In order to perform well on AP exams, students often require tutoring, a guide book, or some form of additional help that can be too pricey for a lot of families. Because of this, generally only wealthy and non-minority students are able to perform well. Seeing as how white and affluent students are overrepresented in AP classes, the College Board is in desperate need of reform. Students of all backgrounds deserve equal opportunity in these courses. 

   Another group that is neglected by the Advanced Placement structure is neurodiverse students, like those on the autism spectrum, with ADHD, dyslexia, and other conditions that impact how they learn. 

   The College Board is currently being sued for failing to provide reasonable accommodations for students with disabilities like these. The issue grew so severe, that the College Board even ended up being sued on May 19, 2020, for violating the Americans with Disabilities Act.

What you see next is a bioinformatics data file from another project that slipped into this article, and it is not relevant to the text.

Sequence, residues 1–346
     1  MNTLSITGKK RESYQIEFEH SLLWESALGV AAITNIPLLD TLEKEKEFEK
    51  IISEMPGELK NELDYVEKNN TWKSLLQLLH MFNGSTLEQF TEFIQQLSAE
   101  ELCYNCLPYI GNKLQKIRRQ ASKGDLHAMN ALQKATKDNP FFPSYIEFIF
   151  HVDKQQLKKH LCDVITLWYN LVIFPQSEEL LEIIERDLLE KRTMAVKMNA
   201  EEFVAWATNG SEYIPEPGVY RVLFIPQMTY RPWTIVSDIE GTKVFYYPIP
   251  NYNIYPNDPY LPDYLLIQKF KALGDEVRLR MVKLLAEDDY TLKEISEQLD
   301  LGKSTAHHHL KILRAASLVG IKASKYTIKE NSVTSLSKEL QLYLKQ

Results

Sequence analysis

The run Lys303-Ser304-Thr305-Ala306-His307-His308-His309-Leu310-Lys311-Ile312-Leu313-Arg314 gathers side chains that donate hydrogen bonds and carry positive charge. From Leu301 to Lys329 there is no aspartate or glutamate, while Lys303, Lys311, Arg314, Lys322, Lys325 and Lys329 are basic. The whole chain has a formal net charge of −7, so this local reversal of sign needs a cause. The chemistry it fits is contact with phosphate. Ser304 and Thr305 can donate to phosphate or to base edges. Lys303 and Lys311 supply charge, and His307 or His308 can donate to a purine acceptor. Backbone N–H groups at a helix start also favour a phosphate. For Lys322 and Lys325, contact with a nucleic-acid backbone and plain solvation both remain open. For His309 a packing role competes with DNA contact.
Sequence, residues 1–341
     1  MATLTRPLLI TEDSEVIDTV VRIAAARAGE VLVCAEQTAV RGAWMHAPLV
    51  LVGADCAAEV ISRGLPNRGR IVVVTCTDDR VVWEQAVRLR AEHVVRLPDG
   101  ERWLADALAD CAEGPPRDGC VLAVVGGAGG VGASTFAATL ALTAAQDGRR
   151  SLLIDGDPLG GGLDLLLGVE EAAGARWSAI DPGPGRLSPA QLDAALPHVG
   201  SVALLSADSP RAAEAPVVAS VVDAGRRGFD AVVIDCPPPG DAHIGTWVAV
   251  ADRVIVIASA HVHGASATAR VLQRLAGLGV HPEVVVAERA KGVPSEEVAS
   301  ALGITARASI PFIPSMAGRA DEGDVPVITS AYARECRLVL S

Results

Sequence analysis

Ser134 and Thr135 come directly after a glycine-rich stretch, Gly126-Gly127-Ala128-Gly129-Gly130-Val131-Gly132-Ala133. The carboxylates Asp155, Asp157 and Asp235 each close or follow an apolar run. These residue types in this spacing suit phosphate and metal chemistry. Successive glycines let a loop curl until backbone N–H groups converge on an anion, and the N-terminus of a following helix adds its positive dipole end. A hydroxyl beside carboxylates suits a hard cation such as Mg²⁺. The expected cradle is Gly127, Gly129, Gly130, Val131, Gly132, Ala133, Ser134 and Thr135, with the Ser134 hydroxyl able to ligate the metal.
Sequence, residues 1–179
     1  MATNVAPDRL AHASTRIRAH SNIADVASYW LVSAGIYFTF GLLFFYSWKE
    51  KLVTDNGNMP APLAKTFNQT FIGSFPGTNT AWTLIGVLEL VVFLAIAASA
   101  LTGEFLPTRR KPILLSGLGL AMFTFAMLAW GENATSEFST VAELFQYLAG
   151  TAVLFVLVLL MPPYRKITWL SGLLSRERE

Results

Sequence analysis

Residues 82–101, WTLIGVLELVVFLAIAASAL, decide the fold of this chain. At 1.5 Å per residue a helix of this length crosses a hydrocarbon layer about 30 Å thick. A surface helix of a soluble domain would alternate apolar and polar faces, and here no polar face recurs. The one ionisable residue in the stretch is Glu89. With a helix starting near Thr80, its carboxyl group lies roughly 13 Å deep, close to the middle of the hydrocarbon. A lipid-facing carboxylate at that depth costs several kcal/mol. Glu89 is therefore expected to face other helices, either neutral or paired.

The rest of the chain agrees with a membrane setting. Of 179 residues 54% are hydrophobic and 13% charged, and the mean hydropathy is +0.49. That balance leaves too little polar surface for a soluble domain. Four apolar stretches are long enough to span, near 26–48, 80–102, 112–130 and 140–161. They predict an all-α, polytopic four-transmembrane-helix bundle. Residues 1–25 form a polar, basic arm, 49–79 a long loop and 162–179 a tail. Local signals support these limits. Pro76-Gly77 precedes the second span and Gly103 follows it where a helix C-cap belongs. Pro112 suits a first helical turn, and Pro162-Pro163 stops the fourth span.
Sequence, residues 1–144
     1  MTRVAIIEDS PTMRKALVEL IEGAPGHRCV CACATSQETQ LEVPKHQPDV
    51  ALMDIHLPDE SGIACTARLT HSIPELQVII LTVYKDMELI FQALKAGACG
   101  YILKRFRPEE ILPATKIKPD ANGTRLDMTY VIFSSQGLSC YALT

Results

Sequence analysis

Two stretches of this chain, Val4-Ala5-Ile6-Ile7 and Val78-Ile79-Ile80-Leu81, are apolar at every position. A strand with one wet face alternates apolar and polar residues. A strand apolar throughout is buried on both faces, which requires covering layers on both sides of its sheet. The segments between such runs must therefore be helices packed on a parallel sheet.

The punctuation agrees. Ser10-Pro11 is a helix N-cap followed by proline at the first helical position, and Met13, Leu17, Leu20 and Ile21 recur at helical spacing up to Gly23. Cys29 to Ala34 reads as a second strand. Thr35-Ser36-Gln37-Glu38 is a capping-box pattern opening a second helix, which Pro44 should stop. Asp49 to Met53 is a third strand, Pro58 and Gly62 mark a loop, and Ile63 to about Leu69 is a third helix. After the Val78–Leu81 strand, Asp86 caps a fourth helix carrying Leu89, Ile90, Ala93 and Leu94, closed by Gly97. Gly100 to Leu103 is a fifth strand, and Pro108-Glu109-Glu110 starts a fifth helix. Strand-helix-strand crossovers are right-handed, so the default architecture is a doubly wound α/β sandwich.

“Students who had these accommodations approved for the in-school test found out about a week before the exam that their accommodations would not be transferred.” (Alligator Independent).

   All organizations involved in providing exams for schools have a responsibility to ensure that their tests are fair to all students. When they are unable to do this, they cost many students their good and hard-earned scores that, according to educators, “pave the way for their future.” 

   Additionally, the College Board suffers from invalid testing. AP exams generally contain a multiple-choice section and a free-response section, both of which have very restrictive time limits.